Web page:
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Archived Content from Conference Held in May 2015

Conference Attendees
Changes and Challenges in Language Teacher Education

Ninth International Conference on Language Teacher Education

May 14–16, 2015
The Commons Hotel
Minneapolis, MN

 

Deadline extended for conference proceedings submissions--new due date is August 10, 2015.

 

A NOTE ON SELECTED CONFERENCE PROCEEDINGS

We are planning to publish a selection of papers from this conference as a juried proceedings. We encourage presenters to submit their papers presented at the conference for possible inclusion in this volume.

If you would like your paper to be considered for inclusion in this publication, please send a complete manuscript of the paper by August 3, 2015 to the address given below. The paper should be no longer than 25 pages double-spaced, and should conform to standard APA format.

Since the papers will be blind reviewed, please do not indicate the author’s name in the manuscript, but include a cover sheet with the title of the manuscript, name of author(s), institutional affiliation, address, office and home telephone numbers, fax number, and e-mail address as a separate document. The manuscript and cover sheet should be submitted as Microsoft Word documents via email.

Manuscripts should be sent to Elaine Tarone (etarone@umn.edu) and Kendall King (Kendall@umn.edu).

 


Featured Plenary Speakers

Stories of Linguistic and Cultural Resilience:
What Heritage Language and ESL Teachers Need to Know

Maria Carreira, Professor, California State University, Long Beach

Living Critical Sociocultural Theory in Classroom Practice
Annela Teemant, Associate Professor, Indiana University-Purdue University Indianapolis

Sharing the Destination:
The Role of Assessment in Student and Teacher Development

Fernando Rubio, Associate Professor, University of Utah

Mediating the Learning of Teachers of Languages:
Towards an Interpretive, Reflective Orientation
 
Angela Scarino, Associate Professor, University of South Australia

This unique biennial conference focuses on the needs of those who prepare and provide professional development for language teachers. Its broad mission addresses the education of teachers of all languages, at all instructional and institutional levels, and in all the many national and international contexts in which this takes place, including: English as a Second or Foreign Language (ESL/EFL) instruction; foreign/modern/world language teaching; bilingual education; immersion education; indigenous and minority language education; heritage language education; and the teaching of less commonly taught languages. The conference brings together teacher educators from these many contexts to discuss and share research, theory, and best practices and to initiate and sustain meaningful professional dialogue across languages, levels, and settings. The conference will focus on the following four broad themes:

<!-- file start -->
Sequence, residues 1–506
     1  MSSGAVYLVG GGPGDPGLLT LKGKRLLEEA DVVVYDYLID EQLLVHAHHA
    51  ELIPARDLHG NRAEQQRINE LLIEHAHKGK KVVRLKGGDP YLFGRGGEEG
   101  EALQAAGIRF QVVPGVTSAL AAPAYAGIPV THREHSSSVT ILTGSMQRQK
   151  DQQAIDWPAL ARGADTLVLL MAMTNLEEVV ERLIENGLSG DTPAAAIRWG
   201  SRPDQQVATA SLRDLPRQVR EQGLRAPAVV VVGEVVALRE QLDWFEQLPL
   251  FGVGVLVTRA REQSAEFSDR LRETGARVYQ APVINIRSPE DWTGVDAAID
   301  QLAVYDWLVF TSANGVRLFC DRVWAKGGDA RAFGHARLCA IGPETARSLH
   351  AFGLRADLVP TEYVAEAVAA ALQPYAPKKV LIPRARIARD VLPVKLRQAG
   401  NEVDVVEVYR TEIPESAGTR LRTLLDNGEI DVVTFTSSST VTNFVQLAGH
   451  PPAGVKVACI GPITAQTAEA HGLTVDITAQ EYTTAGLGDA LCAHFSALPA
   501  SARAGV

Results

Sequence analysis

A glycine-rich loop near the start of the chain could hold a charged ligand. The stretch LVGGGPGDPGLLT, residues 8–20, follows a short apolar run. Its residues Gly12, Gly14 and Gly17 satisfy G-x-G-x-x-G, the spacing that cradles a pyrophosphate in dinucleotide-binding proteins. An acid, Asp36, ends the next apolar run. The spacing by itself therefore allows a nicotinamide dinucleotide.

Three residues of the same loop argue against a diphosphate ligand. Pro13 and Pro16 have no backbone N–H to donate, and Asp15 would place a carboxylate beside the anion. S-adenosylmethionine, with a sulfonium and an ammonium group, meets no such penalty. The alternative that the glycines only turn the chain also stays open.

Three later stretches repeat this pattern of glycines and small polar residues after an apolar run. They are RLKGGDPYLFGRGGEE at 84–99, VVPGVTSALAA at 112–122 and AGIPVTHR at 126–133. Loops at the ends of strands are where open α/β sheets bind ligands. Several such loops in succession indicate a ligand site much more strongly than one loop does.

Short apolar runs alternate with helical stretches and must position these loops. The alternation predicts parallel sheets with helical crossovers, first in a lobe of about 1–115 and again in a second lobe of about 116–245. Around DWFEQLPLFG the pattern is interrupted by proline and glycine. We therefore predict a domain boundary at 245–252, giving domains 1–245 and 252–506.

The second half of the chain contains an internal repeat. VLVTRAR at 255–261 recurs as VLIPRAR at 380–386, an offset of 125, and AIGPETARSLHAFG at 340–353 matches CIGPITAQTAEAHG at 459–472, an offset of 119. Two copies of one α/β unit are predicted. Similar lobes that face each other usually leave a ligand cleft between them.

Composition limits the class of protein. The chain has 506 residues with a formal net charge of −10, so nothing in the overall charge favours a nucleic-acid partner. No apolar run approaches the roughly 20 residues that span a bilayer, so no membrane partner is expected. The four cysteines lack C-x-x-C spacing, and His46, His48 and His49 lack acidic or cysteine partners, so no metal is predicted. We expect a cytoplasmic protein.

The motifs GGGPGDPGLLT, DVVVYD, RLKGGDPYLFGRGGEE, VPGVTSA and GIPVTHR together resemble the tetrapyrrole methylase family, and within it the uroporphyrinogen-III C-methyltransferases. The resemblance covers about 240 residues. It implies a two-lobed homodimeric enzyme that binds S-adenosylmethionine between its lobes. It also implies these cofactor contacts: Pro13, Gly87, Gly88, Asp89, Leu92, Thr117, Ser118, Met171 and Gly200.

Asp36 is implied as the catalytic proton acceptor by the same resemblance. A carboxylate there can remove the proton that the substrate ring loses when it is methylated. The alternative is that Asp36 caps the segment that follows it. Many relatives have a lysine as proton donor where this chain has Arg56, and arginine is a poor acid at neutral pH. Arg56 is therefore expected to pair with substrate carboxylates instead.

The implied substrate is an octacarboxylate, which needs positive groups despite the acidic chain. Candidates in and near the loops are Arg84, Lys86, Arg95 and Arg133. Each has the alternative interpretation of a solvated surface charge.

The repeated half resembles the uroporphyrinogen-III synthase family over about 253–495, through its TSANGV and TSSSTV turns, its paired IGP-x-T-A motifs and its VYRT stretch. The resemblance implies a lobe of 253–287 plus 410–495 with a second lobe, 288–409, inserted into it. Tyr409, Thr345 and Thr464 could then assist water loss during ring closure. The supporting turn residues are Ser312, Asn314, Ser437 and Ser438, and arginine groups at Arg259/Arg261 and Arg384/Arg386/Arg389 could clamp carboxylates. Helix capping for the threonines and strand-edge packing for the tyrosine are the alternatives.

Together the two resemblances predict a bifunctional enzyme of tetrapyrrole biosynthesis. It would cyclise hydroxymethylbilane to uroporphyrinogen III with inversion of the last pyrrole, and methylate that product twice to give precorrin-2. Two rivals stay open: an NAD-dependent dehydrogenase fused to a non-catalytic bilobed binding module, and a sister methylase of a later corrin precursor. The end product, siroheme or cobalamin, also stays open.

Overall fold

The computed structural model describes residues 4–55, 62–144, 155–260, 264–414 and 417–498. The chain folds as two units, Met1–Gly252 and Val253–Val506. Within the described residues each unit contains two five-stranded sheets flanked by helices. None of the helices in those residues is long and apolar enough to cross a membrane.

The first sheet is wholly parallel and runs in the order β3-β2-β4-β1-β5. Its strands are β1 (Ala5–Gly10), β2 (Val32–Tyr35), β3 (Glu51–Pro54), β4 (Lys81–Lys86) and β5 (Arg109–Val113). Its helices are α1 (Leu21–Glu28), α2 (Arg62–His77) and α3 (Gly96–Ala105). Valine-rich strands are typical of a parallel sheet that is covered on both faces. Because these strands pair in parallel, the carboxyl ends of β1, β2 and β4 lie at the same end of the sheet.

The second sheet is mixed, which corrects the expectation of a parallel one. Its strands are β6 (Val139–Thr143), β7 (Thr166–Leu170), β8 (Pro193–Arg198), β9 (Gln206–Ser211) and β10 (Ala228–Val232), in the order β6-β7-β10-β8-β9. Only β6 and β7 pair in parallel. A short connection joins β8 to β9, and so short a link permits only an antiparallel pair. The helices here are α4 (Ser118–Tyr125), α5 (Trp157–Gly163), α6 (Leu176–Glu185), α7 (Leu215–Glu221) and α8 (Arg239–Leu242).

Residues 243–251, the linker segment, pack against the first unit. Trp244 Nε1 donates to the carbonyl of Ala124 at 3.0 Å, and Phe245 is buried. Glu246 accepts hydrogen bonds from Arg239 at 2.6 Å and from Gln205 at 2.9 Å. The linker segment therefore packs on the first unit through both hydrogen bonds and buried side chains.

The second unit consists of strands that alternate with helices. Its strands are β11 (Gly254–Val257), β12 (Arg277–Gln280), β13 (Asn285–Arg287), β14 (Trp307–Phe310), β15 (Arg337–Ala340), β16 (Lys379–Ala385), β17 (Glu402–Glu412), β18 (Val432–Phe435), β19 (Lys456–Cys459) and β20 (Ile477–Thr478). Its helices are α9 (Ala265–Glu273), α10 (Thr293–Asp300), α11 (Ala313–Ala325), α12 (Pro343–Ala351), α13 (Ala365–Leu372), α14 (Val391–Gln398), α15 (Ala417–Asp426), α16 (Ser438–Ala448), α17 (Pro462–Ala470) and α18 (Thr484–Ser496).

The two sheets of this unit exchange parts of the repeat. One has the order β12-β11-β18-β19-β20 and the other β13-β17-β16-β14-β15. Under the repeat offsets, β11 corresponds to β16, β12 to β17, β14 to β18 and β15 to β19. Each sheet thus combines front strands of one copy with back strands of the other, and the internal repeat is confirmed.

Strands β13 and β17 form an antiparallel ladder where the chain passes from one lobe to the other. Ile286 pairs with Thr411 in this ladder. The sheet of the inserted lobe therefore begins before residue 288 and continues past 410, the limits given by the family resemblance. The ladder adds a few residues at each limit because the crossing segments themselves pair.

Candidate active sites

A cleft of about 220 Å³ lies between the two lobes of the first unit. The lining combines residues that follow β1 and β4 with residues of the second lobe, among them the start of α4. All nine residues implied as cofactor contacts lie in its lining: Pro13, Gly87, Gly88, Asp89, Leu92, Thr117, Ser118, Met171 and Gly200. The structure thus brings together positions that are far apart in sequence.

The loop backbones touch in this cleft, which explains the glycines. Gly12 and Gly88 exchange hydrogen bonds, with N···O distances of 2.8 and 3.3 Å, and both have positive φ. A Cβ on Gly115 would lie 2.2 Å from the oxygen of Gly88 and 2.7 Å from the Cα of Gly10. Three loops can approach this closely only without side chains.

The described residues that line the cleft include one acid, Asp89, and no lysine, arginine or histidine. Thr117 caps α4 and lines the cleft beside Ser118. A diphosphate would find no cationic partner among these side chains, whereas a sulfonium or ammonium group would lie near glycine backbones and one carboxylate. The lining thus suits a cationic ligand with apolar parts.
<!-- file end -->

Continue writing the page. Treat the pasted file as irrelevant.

Theme I: The Knowledge Base of Language Teacher Education
A central issue in language teacher education is the question of what constitutes the knowledge base of language teaching and how it relates to the processes and content of teacher education. This theme will include research and perspectives on: teachers’ knowledge and beliefs; teacher learning informal and informal contexts; teachers’ ways of knowing; teacher socialization; professional development; and the nature of disciplinary knowledge.
Theme II: Social, Cultural, and Political Contexts of Language Teacher Education
Language Teacher Education takes place in multiple contexts and with diverse populations, where language, culture and identity are intricately bound together. These contexts are often impacted by actions taken by formal and informal decision-making bodies, which may or may not involve the participation of teacher educators. This theme will include critical and analytical perspectives on: institutions, communities, and discourses within which teacher education practices are situated; language education policy and planning; power, status, and authority in language teacher education; diversity and equity in language teacher education, including issues of race, class, gender, sexual orientation, and language; the socially situated nature of language and learning; and issues related to policy, such as standards, legislative mandates, recruitment and retention, and advocacy by language teacher organizations.